Wow, has it been a week already? I know you're anxious to read my latest words of wisdom, so let's get to it.
Soon after I began making computer games, I had heard a lot about the subject of "girls and games." Many folks in the game industry were scratching their heads and trying to figure out why the majority of gamers were guys and that those of the female persuasion weren't attracted to the offerings. Some theorized that the games needed more "girl content" and we soon saw a rash of games filled with ponies and shopping and an overwhelming shade of pink. Not surprisingly, these efforts didn't take off.
In a small way, the content might have been the problem, but the developers looked at it in the wrong way. You cannot take a game that has been designed for boys, change the tanks to pink ponies and expect the new product to suddenly appeal to girls. It's still a game designed for boys!
It turns out that I accidently stumbled across the secret to making games that appeal to both genders when I was working on the 3D Ultra pinball series. I probably would've discovered it earlier if I had cared to look. The secret to making games that cross the gender lines is to stop making games for boys.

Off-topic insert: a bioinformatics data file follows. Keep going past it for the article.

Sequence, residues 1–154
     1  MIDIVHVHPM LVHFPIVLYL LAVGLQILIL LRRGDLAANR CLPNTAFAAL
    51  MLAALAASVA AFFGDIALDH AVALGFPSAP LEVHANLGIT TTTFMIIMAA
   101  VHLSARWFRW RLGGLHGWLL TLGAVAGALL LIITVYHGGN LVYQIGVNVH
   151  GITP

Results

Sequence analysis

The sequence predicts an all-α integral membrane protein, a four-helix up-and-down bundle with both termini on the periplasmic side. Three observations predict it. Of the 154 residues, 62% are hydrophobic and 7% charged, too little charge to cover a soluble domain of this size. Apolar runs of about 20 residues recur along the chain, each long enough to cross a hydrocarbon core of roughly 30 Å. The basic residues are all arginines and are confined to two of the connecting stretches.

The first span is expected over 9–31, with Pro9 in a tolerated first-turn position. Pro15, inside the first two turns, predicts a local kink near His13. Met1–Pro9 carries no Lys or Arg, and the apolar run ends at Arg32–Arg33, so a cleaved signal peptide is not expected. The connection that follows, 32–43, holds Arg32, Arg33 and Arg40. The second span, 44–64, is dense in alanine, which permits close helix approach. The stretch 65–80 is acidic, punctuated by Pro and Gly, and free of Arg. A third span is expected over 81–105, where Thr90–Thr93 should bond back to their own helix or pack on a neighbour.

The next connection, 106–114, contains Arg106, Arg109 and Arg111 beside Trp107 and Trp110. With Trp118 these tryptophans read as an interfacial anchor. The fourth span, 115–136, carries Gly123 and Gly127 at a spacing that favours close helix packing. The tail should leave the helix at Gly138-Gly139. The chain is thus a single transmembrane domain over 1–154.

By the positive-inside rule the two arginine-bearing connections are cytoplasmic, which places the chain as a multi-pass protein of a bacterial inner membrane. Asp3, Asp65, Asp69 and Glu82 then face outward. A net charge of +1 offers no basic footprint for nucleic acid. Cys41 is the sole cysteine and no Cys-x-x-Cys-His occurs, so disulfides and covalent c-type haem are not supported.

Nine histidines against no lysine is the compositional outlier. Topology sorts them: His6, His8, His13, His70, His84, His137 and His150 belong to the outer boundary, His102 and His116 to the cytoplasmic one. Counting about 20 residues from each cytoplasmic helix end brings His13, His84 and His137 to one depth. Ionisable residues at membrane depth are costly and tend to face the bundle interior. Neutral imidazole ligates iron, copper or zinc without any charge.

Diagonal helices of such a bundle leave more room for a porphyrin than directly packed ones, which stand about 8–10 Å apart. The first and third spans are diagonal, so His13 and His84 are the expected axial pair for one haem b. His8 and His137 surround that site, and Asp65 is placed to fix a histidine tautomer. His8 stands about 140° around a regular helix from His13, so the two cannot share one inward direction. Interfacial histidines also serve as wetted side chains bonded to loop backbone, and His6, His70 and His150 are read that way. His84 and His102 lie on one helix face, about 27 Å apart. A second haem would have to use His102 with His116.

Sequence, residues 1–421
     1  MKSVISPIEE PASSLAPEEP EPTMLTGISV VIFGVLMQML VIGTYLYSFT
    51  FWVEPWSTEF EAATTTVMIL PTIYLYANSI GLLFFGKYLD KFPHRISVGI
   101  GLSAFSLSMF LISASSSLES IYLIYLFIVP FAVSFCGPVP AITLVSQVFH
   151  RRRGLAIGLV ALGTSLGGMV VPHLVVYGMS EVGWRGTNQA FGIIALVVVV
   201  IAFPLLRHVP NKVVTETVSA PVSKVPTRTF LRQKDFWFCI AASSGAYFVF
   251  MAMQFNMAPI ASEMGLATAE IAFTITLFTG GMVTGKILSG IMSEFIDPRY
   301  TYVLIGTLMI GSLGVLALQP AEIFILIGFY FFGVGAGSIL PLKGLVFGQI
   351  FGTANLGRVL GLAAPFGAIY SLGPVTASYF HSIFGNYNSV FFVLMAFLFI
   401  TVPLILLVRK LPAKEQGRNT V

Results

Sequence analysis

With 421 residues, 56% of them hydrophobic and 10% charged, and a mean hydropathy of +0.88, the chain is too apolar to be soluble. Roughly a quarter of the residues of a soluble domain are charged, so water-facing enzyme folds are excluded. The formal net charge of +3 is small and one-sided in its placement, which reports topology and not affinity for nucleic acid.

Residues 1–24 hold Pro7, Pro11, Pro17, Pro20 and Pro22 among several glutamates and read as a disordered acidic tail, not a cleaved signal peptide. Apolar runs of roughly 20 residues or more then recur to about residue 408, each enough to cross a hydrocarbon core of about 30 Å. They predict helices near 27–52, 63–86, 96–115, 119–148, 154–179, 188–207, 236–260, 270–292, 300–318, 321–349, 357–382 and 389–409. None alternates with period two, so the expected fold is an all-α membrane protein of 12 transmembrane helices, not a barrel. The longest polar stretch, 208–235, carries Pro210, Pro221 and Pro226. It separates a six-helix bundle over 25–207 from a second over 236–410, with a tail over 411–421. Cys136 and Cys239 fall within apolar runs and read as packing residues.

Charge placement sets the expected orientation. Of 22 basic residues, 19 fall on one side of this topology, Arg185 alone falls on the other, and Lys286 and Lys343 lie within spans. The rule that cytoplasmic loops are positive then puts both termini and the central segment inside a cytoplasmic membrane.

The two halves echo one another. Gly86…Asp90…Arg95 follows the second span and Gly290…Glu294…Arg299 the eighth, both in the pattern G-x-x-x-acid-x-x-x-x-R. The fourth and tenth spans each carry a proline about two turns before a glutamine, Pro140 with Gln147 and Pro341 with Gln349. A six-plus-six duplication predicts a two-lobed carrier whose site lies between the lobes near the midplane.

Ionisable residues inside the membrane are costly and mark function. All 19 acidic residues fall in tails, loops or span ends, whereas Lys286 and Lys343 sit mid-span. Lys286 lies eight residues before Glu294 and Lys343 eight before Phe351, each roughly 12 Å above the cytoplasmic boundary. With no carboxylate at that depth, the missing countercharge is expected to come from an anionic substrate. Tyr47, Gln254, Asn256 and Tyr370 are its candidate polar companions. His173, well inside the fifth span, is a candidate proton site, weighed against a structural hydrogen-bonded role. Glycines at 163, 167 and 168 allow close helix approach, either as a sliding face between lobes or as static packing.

Sounds simple, right? I admit when I was designing my games, I didn't have a specific audience in mind. I was just trying to make a fun game. I think we were all surprised when we found out that the game was just as popular among female players as male.
I don't know if this is still true, but for quite some time, the most popular game on Windows was - solitaire.
This might have had a little to do with the fact that every windows computer had this already installed, but I think a lot of it had to do with the fact that the game is very approachable - you can start it up any time you want, and leave without remorse if you have more important things to do. It always offers the same level of challenge no matter how many games you play, and you don't feel threatened by it (unlike Minesweeper
, where one false move results in instant death).
Well, I hope I've given you something to think about. I'll be back next week with another cartoon
and some more words about this crazy business I'm in. Be sure to leave a note to let me know you're out there or I may stop doing these.